Kitty Litter

Catwoman alone makes this a bad movie summer

click to enlarge CAT POWER: A magical mystical housecat and - his buddies have the power to bestow amazing, - feline powers on humans. - DOANE GREGORY
CAT POWER: A magical mystical housecat and his buddies have the power to bestow amazing, feline powers on humans.

As we inch along toward the dog days of August, it's time to wonder aloud if Hollywood has shot its seasonal wad, or if there's still some cinematic life left in the Summer of 2004. Collatoral arrives next week with some half-decent buzz attached, so there may be some good news there. And I've already seen the upcoming Chinese swordplay spectacle Hero and can happily report that if you liked Crouching Tiger, Hidden Dragon, you'll love this one. But even if every movie on the horizon turns out to be a full-blown masterpiece — and even with all the summery sequel goodness of Spider-Man, Shrek and Harry Potter — Summer 2004 is still going to leave a very bad taste in our mouths.

That very bad taste has a name, by the way, much as many of us are already dying to forget it. So we may as well just spit it out and get it over with.

Catwoman. There, I've said it.

In case you haven't already heard, Catwoman is the latest in the never-ending parade of heavily hyped summer movies based on comic book characters. It was directed by a French guy with a single name, it has lots of special effects, and it stars Halle Berry, who wears a costume combining the worst elements of faux-punk anti-fashion and S&M bondage gear. The costume, by the way, is so ugly and so stupid-looking that it even makes a stunner like Berry look like an idiot.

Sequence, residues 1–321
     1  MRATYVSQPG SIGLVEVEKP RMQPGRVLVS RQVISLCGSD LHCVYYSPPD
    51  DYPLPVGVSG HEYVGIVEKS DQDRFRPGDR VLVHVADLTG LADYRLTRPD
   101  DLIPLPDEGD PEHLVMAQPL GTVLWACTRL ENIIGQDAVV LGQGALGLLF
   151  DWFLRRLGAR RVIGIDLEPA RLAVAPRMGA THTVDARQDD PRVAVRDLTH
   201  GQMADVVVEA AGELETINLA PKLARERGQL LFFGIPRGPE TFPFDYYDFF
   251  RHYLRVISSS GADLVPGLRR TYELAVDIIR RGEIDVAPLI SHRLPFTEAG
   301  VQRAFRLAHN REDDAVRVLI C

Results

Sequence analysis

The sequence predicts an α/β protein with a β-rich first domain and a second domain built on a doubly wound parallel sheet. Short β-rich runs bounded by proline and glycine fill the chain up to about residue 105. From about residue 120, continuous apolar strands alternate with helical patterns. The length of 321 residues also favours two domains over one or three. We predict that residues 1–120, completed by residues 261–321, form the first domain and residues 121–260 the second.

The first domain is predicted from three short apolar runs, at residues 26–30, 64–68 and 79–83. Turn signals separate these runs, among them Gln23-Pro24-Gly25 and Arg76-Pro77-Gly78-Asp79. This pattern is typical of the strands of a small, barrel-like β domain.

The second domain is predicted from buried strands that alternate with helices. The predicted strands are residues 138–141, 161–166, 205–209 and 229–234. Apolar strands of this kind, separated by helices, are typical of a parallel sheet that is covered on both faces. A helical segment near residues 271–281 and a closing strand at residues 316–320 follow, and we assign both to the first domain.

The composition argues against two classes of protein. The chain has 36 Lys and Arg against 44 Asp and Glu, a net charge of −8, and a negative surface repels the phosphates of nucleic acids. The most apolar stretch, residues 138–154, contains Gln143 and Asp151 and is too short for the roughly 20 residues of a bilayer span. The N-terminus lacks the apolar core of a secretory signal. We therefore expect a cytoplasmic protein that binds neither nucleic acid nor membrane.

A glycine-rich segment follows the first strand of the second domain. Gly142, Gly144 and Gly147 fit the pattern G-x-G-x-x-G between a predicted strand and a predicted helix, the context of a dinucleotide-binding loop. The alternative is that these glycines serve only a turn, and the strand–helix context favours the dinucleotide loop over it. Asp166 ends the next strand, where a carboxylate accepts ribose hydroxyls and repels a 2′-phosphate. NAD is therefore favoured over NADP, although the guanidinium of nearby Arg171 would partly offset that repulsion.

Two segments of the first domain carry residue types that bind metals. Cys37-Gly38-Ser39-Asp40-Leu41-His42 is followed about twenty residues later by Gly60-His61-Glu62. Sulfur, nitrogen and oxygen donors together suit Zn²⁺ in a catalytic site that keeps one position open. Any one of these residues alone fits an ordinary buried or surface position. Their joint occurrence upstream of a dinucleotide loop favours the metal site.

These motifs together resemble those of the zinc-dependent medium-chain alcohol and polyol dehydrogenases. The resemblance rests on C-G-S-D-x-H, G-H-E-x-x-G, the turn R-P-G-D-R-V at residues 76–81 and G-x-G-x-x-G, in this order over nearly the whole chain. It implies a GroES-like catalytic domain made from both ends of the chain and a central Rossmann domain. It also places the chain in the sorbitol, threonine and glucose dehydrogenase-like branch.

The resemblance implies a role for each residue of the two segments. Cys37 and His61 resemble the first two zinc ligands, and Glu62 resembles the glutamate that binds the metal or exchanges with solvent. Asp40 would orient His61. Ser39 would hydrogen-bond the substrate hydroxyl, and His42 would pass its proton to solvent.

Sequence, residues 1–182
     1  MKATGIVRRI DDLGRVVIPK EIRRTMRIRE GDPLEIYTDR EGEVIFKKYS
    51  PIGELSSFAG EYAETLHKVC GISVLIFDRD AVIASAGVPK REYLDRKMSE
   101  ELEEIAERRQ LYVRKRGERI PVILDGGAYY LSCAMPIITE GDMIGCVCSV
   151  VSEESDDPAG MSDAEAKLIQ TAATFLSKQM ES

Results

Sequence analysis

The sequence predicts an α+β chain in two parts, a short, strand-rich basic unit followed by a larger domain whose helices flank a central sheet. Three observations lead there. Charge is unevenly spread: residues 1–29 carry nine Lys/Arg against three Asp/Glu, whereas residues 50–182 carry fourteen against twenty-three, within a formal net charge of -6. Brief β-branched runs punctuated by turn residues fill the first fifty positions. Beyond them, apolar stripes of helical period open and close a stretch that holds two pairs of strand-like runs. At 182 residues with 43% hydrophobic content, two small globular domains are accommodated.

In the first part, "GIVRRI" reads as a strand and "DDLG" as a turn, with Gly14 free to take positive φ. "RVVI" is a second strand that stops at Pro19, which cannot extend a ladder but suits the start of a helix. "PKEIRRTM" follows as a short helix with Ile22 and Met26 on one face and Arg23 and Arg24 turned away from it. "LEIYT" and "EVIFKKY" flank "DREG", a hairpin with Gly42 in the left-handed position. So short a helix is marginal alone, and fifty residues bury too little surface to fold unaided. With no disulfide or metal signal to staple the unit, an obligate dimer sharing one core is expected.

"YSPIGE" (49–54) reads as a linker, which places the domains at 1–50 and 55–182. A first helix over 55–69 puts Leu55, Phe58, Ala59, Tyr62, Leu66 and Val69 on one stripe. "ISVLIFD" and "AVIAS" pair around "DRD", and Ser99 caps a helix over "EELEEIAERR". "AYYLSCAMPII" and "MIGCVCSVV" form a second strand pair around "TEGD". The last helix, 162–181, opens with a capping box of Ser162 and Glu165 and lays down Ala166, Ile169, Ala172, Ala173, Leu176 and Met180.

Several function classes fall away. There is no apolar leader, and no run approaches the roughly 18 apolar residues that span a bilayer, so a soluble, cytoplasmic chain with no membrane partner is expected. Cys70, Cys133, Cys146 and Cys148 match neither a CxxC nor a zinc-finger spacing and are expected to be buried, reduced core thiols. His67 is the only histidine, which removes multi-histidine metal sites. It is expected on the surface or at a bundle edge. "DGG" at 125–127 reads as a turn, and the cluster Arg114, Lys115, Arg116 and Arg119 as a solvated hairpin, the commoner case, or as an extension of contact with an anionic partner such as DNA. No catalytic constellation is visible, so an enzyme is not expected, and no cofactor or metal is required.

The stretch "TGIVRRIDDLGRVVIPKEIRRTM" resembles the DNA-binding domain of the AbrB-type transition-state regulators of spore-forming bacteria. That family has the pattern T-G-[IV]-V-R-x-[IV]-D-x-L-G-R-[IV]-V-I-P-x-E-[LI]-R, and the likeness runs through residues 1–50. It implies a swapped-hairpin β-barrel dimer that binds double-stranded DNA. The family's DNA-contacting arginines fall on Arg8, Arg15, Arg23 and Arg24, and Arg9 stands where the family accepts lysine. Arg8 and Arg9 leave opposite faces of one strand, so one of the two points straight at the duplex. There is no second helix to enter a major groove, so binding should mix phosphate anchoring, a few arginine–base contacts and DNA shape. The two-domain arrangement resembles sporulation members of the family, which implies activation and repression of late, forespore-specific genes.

I'm guessing that this was not the effect that the filmmakers wanted to achieve. In any event, it's a fair indication of just the sort of jaw-dropping miscalculations — and there are many of them — that make Catwoman what it is.

If you wanted to be generous (and we do, we really do), you might make a case for reading Catwoman as a modern tale of female empowerment. Berry's character, Patience Phillips, is initially introduced to us as a meek little frump with zero self-esteem and a boatload of failed dreams. (She's also got a quirky, chubby gal pal and a perky, flirty gay pal, but they're basically just the accessories demanded by the script.) When she eventually transforms into Catwoman, she becomes strong, confident and independent — just like a cat, we're told, since "cats don't come when you call; they come when they want to."

Of course, cats are also pretty loopy creatures, often resembling furry little dementia victims reacting to all sorts of imaginary stimuli. In her flighty, mood-swinging way, Catwoman is almost as schizoid, doing all sorts of impulsive and basically dumb things that the screenwriters may have assumed would give her a veneer of unpredictability or dangerousness, but are probably just there to clumsily move the plot along. Catwoman's personality, motives and agenda are so sketchy, in fact, that it's next to impossible to tell if we're supposed to think of her as a superhero or a supervillain (although, again, I suspect that this vagueness is really just another example of shoddy scriptwriting). In any event, Berry's character is so full of too-high highs and low lows, that the movie ultimately reads less like a feminist tract and more like another reactionary jab at the female psyche as a slagheap of crazy, PMS-fueled hormones.